The first casualty of Dylan’s transition turns out to be my left foot which this week protested it did walk too much. I hadn’t an inkling of the injury, earlier this week, when I told colleagues I was taking the challenge of walking-to-work in my stride and had ‘gone through a barrier’. The only barrier I was aware of by Wednesday evening, alas, was pain.
Subsequent investigations revealed a stress injury and possible nerve damage. My foot is painful, flaring like fire in my shoes. The likely cause is the sudden physical demand on my feet, combined with less than ideal footwear for the job. So I am back in the car, driving my foolish self to and from work, feeling chastened. I claimed, too soon, that I could walk my life without Dylan. So I have been thinking about exodus; I only walked for two hours a day in the last few weeks (and not every day). Imagine walking, for refuge, through day and night? Or as pilgrimage?
This morning I was puzzled to find emails and tweets in my inbox when I switched on my PC. I had forgotten that one of my poems was due to be featured on a poetry site today and the situation took me a few moments to grasp. I clicked onto the site to check all was well with layout (not meaning to do more than this) then stopped stock still (left foot burning): I had forgotten it was this poem.
The piece is one of the first I wrote after my daughter disappeared in 2010. I didn’t write it immediately – it was a long time before I could write anything at all – but when I did start writing again, this piece, recording the last time I saw my daughter, was one of the first I wrote (happily my daughter and I were reunited a couple of years later).
As I read through my poem this morning it came back to me; the terrible absence of my daughter and hollowness of those days without her. And all I could do then, I remembered this morning, was swim; the only way I could stop myself from thinking was to thrash my body up and down the pool, repeatedly, until I was exhausted. I would go almost every day, in my lunch hour or on my way to work after Dylan’s bus had picked him up. Quite often I would swim a mile before work. This was the only way, it seemed, that I could cope.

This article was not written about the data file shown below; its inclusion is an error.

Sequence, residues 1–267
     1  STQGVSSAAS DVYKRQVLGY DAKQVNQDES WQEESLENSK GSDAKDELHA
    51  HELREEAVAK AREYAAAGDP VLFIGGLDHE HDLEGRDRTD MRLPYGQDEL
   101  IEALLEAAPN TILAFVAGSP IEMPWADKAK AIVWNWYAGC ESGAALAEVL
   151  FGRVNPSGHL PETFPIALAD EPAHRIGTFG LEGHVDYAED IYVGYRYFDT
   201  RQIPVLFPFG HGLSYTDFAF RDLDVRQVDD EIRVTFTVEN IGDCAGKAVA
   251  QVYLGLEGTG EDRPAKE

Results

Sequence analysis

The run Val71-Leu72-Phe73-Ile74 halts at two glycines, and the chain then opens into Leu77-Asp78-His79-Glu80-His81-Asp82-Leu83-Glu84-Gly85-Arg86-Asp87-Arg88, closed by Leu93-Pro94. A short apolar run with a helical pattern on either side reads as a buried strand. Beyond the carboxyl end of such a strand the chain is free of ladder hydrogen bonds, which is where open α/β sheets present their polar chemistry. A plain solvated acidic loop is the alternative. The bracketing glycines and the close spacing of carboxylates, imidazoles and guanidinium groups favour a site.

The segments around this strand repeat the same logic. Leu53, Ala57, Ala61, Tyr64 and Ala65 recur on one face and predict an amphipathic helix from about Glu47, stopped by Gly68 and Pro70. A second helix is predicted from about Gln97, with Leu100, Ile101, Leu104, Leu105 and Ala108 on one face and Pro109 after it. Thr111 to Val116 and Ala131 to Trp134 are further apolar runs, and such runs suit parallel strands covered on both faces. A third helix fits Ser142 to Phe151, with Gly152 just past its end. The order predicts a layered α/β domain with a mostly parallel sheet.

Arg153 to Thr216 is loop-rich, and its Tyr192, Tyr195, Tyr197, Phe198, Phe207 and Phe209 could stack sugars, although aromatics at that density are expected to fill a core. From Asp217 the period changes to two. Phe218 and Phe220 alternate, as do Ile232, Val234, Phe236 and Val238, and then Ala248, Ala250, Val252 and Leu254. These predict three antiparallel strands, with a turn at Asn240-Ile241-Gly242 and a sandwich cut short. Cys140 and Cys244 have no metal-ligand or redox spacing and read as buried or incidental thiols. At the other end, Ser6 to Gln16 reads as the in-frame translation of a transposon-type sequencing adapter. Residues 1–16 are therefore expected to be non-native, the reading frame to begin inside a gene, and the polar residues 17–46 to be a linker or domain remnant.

Six months later my back broke down catastrophically. One day, out of the blue, I could hardly stand. My back and shoulders and neck were knotted and inflamed with pain; the physical demand on my body of the months of fierce swimming had stopped me in my tracks. And so this morning I made a link between these things; the frantic swimming when my daughter left unexpectedly and my determined walking when Dylan left as planned. Perhaps, I thought, this is my way of dealing with loss: submerged, physical, dogged?
Only now, after years of recovery, am I returning, cautiously, to the pool. This time, I have promised myself, I will not be so foolish. I have something called a pull buoy to slow me down and protect my back. I promised myself, this morning, that I will take care of my burning feet now too. I will rest. I will use ice. I will not be afraid to face loss sitting down.